Sensing, planning, controlling, and reasoning, are human-like capabilities that can be artificially replicated in an autonomous robot. Such a robot implements data structures and algorithms devised on a large spectrum of theories, from probability theory, mechanics, and control theory to ethology, economy, and cognitive sciences. Software plays a key role in the development of robotic systems, as it is the medium to embody intelligence in the machine. During the last years, however, software development is increasingly becoming the bottleneck of robotic systems engineering due to three factors: (a) the software development is mostly based on community efforts and it is not coordinated by key stakeholders; (b) robotic technologies are characterized by a high variability that makes reuse of software a challenging practice; and (c) robotics developers are usually not specifically trained in software engineering. In this paper, we illustrate our experiences from EU, academic, and industrial projects in identifying, modeling, and managing variability in the domain of service robots. We hope to raise awareness for the specific variability challenges in robotics software engineering and to inspire other researchers to advance this field.

(2019). Variability modeling of service robots: Experiences and challenges . Retrieved from http://hdl.handle.net/10446/150976

Variability modeling of service robots: Experiences and challenges

Brugali, Davide;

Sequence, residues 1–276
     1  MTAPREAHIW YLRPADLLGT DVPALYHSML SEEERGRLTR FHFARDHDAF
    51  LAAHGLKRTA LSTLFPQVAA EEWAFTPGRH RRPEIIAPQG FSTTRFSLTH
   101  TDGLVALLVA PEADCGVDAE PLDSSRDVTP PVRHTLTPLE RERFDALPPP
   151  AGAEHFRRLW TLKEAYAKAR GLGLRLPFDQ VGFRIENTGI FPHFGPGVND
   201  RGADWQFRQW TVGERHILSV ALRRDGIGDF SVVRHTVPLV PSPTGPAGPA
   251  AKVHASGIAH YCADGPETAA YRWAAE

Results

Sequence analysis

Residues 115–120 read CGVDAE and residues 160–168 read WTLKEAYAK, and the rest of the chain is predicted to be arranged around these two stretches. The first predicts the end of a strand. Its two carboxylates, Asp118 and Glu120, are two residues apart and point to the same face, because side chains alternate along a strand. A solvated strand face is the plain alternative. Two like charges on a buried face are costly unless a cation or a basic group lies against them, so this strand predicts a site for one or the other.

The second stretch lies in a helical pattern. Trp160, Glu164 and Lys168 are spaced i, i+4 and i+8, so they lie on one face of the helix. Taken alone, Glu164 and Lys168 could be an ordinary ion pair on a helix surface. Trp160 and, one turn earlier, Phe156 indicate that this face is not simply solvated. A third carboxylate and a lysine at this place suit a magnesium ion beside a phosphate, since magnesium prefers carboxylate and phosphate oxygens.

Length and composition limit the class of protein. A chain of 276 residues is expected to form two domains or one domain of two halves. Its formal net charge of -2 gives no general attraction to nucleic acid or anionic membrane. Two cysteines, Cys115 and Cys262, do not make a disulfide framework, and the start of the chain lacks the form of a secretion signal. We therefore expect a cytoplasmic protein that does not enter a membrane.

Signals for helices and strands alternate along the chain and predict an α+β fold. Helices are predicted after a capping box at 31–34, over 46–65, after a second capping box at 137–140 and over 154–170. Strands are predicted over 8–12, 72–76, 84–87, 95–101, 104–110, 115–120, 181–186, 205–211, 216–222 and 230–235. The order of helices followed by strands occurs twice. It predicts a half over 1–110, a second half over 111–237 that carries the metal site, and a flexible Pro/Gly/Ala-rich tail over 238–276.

2019-01-01

Abstract

Sensing, planning, controlling, and reasoning, are human-like capabilities that can be artificially replicated in an autonomous robot. Such a robot implements data structures and algorithms devised on a large spectrum of theories, from probability theory, mechanics, and control theory to ethology, economy, and cognitive sciences. Software plays a key role in the development of robotic systems, as it is the medium to embody intelligence in the machine. During the last years, however, software development is increasingly becoming the bottleneck of robotic systems engineering due to three factors: (a) the software development is mostly based on community efforts and it is not coordinated by key stakeholders; (b) robotic technologies are characterized by a high variability that makes reuse of software a challenging practice; and (c) robotics developers are usually not specifically trained in software engineering. In this paper, we illustrate our experiences from EU, academic, and industrial projects in identifying, modeling, and managing variability in the domain of service robots. We hope to raise awareness for the specific variability challenges in robotics software engineering and to inspire other researchers to advance this field.
García, Sergio; Strüber, Daniel; Brugali, Davide; Di Fava, Alessandro; Schillinger, Philipp; Pelliccione, Patrizio; Berger, Thorsten
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Utilizza questo identificativo per citare o creare un link a questo documento: https://hdl.handle.net/10446/150976
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